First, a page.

Mini Fete – Thursday 8 July (during school day): As you will have heard from the NCSPA, we are putting on a few of the stalls that otherwise went the way of the fete, during the boys’ lunch break. We will have our usual school Covid protocols in place, with the boys remaining in their year group bubbles and attending the stalls in a carousel fashion. Thank you very much for your support of this fundraising initiative. The JustGiving link is: https://www.justgiving.com/fundraising/ncspa-mini-summer-fete. If you wish to donate money to the NCSPA, which is then used to fund extras for the boys throughout the year, you can also choose who would like to get gunged at the end of term. We couldn’t let this favourite stall go by the wayside! Just note in the message box when making your donation which candidate you would like to see gunged, though please do not use names: Candidate A (Mr Bradley), Candidate B (Head Boy and Deputies), Candidate C (Miss Rose). At the time of writing, Candidate A has taken a bit of a lead, but Candidate B and C enthusiasts have plenty of time to put their money where their gunge is. The deadline for these nominations is 21.00 on 7 July, though you can keep donating beyond that time.

Prizegiving – Friday 9 July (NCS Playground): We will be using the playground and the threshold of the sports hall with the bi-fold doors fully open to create a very well-ventilated space. Class bubbles will be appropriately distanced. Prep leavers’ parents will be able to attend, arriving in time for a 10.45 start, sitting outside. They must have a negative Lateral Flow Test result before arriving, must follow all Covid-19 hygiene protocols, and must remain seated in their separate household bubbles, with distancing between those bubbles. Year 7 and 8 pupils must continue to take their twice-weekly Lateral Flow Tests, with one of these scheduled for the morning of 9 July. The event will be livestreamed to allow other parents to watch remotely. The link will be sent to those parents who sign up via the Parentmail form that has been sent out; for obvious safeguarding reasons it must not be distributed beyond those who have signed up, and no recording of the streaming is permitted.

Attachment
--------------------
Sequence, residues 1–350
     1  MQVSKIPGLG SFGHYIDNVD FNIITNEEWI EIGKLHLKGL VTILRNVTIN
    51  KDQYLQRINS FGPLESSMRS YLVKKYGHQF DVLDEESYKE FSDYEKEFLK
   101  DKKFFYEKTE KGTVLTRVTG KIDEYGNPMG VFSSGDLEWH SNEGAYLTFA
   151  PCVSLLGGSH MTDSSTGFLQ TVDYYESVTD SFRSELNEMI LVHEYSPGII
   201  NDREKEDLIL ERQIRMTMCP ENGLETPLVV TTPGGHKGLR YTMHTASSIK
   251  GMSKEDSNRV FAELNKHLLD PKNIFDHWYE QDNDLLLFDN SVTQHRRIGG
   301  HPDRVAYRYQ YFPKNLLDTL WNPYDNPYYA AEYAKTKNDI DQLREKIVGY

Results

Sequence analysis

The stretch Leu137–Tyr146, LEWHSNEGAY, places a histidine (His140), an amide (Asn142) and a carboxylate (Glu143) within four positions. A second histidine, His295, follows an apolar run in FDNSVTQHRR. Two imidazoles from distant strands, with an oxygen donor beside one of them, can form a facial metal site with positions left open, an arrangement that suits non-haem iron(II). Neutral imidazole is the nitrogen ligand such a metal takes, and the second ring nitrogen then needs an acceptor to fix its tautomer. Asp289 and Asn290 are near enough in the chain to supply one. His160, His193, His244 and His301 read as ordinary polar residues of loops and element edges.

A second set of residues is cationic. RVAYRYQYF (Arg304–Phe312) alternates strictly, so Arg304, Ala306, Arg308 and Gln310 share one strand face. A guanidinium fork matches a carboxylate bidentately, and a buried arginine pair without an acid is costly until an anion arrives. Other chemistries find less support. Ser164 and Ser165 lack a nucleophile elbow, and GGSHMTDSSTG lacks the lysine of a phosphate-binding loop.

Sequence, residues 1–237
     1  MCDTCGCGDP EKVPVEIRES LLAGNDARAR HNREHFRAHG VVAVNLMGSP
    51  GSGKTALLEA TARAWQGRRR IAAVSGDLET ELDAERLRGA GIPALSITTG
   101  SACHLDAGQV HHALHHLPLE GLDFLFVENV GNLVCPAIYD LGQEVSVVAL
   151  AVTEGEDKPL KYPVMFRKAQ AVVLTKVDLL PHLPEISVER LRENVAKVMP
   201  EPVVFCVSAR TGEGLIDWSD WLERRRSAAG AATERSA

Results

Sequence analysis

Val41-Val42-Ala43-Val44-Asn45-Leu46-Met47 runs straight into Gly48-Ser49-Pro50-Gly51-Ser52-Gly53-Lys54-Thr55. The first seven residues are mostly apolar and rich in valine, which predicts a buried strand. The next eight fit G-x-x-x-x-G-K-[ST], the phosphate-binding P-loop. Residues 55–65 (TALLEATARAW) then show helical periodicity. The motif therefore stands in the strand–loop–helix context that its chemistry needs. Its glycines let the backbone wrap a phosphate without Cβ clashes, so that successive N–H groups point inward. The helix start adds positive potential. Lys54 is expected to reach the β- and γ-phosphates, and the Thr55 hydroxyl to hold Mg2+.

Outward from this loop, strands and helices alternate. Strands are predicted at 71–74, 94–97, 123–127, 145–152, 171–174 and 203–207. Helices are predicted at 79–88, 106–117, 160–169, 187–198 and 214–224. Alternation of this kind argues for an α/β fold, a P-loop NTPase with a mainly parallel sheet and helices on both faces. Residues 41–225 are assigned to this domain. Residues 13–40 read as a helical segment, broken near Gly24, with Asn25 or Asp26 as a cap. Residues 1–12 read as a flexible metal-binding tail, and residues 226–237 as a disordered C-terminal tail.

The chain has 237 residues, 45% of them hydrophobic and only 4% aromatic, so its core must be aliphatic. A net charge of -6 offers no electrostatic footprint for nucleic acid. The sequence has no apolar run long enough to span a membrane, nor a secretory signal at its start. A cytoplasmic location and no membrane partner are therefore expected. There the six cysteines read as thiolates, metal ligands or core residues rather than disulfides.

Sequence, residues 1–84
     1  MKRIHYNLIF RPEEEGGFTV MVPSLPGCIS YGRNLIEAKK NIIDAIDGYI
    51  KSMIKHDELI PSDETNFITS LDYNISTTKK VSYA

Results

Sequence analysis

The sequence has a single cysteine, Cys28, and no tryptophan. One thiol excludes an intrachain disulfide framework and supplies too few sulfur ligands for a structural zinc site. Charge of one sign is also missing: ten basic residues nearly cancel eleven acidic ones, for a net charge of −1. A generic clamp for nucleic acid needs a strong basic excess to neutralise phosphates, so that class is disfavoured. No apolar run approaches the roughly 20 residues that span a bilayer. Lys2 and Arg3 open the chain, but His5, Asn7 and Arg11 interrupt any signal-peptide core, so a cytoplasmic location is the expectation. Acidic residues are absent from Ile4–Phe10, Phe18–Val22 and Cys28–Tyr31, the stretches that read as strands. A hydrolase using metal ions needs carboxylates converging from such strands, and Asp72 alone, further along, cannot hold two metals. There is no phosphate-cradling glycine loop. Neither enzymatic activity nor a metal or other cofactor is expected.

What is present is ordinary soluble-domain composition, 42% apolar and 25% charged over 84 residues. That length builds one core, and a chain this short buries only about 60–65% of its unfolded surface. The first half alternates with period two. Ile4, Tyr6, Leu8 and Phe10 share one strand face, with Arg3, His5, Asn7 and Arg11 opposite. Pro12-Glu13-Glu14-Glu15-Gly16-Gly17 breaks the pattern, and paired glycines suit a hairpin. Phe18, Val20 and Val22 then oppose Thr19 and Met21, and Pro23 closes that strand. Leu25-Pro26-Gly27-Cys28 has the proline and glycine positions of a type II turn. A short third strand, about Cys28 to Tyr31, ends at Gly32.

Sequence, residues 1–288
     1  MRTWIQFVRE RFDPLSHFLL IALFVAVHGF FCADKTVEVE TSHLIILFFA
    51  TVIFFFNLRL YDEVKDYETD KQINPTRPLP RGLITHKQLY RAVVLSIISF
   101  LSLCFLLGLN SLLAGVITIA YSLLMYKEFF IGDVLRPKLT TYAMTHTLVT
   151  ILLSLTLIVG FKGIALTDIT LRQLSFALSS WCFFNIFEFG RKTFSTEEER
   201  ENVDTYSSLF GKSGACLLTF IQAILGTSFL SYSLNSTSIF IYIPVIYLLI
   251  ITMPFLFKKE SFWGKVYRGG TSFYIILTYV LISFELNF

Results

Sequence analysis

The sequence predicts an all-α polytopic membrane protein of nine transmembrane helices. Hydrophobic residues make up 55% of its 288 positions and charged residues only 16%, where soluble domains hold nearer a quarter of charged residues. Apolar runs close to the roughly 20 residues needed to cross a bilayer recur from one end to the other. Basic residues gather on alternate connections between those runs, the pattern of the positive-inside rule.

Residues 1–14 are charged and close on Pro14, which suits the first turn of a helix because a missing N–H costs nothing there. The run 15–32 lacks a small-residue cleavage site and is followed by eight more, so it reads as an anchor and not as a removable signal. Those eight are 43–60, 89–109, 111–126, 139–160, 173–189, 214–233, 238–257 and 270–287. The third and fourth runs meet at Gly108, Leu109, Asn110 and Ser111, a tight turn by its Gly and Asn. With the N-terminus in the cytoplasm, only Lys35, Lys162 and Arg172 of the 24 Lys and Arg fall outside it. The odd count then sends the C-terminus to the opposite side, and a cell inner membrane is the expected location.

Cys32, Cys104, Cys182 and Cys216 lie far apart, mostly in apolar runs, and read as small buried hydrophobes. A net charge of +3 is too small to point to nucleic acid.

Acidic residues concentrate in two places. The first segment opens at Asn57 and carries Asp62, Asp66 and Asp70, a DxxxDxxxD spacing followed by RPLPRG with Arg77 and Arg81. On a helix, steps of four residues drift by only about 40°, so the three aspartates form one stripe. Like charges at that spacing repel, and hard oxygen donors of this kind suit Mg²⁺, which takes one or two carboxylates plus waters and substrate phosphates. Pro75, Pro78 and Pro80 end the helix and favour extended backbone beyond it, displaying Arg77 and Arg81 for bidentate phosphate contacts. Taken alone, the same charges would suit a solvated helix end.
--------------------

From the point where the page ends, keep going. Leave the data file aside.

You will have received an e-copy of I’m Glad I Exist, an anthology of forty favourite poems from the NCS community compiled by Dr Gallagher over lockdown. I would like to thank Dr Gallagher for her initiative and dedication in putting the anthology together, and Professor John Batchelor for writing the foreword.

Please note the following departure times for the last day of Trinity, Friday 9 July: Pre-Prep gate: 11.30 Reception; 11.40 Year 1; 11.50 Year 2. Prep gate: 12.00 Years 3-4; 12.10 Years 5-6; 12.20 Years 7-8. There will be no aftercare on the last day of term.

Upcoming Events

Monday, 5 July 2021

9.00 Pre-Prep filming of 'The Nightingale'

No after school activities in the last week of term

Wednesday, 7 July 2021

9.00 Chapel. Leavers' Service. Speaker: The Chaplain

Friday, 9 July 2021

9.00 Final Assembly for Whole School

10.45 Prize-Giving for Years 3-8

12.00 End of Term

Saturday, 10 July 2021

12.30 NC Choir Cricket, Field

Monday, 6 September 2021

INSET for Staff, 9:00-16:00

Tuesday, 7 September 2021

INSET for Staff, 9:00-16:00

9.30-11.00 Pre-season football training (Years 3-4)

11.30-13.00 Pre-season football training (Years 5-8)

Wednesday, 8 September 2021

Start of Term

After School Activities start

9.00 Chapel. Speaker: The Headmaster